UBC Research Data

Data from: Evolution of invasiveness by genetic accommodation Bock, Dan G.; Kantar, Michael B.; Caseys, Celine; Matthey-Doret, Remi; Rieseberg, Loren H.

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Abstract
Invasion success of species introduced to novel environments may be facilitated by adaptive evolution and by phenotypic plasticity. Here we investigate the independent and joint contribution of both mechanisms as drivers of invasiveness in the perennial sunflower Helianthus tuberosus. We show that invasive genotypes have multiple origins, and that invasive spread was facilitated by the repeated evolution of extreme values in a single trait, clonality. In line with genetic accommodation theory, we establish that this evolutionary transition occurred by refining a preexisting plastic response of clonality to water availability. Further, we demonstrate that under the non-drought conditions typically experienced by this plant in its introduced range, invasive spread is mediated by hybrid vigor and/or two major additive-effect loci, and that these mechanisms are complementary. Thus, in H. tuberosus, evolution of invasiveness was facilitated by phenotypic plasticity, and involved the use of multiple genetic solutions to achieve the same invasiveness trait.; Usage notes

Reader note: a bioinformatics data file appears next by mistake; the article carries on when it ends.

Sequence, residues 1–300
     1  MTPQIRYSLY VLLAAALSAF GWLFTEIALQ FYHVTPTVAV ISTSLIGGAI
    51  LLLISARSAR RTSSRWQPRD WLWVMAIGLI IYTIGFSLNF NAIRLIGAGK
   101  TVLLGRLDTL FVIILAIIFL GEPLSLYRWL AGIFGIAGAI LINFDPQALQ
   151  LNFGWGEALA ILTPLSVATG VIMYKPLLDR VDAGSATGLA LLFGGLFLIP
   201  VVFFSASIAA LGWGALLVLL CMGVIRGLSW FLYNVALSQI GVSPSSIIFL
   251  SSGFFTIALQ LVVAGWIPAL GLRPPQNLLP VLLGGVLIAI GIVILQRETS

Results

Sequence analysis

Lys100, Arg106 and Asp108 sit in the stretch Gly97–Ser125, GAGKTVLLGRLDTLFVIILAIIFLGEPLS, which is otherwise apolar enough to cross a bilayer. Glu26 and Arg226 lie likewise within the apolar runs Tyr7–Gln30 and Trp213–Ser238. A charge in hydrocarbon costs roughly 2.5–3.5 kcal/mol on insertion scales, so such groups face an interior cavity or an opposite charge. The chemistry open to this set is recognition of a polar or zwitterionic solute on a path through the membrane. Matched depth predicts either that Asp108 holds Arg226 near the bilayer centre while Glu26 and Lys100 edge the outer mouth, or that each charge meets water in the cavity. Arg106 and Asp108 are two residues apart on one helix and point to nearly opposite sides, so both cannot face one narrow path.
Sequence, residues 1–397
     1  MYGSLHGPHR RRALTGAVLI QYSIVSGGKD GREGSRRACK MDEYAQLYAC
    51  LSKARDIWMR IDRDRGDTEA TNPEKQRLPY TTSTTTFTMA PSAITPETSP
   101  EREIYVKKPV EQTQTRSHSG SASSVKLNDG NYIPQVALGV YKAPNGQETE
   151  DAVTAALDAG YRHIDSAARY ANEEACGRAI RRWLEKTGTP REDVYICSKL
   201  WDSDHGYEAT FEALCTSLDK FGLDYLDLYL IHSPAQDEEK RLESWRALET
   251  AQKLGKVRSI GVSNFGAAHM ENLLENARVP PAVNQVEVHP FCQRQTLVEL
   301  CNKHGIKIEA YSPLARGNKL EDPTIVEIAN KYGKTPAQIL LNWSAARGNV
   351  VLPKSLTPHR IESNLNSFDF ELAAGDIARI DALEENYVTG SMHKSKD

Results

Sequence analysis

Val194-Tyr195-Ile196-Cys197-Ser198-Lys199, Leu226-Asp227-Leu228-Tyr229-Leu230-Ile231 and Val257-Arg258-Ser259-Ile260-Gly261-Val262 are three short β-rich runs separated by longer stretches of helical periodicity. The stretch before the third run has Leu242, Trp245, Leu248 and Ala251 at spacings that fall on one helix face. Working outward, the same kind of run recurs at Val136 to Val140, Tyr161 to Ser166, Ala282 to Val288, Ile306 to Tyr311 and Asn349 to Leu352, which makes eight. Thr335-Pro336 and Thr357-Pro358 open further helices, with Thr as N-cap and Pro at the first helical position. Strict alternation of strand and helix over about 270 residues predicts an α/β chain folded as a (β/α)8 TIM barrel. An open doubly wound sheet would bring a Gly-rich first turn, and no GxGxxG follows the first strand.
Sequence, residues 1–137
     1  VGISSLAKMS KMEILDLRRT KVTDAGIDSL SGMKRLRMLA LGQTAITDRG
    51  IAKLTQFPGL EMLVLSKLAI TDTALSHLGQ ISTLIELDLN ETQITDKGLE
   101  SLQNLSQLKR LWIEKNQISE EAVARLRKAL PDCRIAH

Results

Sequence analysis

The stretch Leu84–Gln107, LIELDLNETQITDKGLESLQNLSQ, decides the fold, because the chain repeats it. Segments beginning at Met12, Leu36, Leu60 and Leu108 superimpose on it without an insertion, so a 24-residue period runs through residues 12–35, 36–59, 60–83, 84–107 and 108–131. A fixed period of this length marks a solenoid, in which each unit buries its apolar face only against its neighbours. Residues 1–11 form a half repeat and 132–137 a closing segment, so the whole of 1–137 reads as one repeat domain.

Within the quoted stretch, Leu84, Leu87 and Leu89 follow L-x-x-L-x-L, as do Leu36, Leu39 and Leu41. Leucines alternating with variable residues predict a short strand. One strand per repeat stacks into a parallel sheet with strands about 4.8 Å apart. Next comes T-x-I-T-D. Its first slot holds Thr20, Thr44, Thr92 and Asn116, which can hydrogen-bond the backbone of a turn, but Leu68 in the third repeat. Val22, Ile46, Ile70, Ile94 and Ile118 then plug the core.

Common garden and greenhouse trait data for 305 H. tuberosus accessionsH_tuberosus_CG_GR_traits.csv
Data for the field invasiveness experimentfield_invasiveness_experiment.csv
Rhizome numbers from the greenhouse drought experimentgreenhouse_drought_experiment.csv
Allelopathy estimates for the progenitor species of H. tuberosusallelopathy_progenitor_species.csv
Soil water content measurements for the invasiveness field experimentwater_content_data.csv

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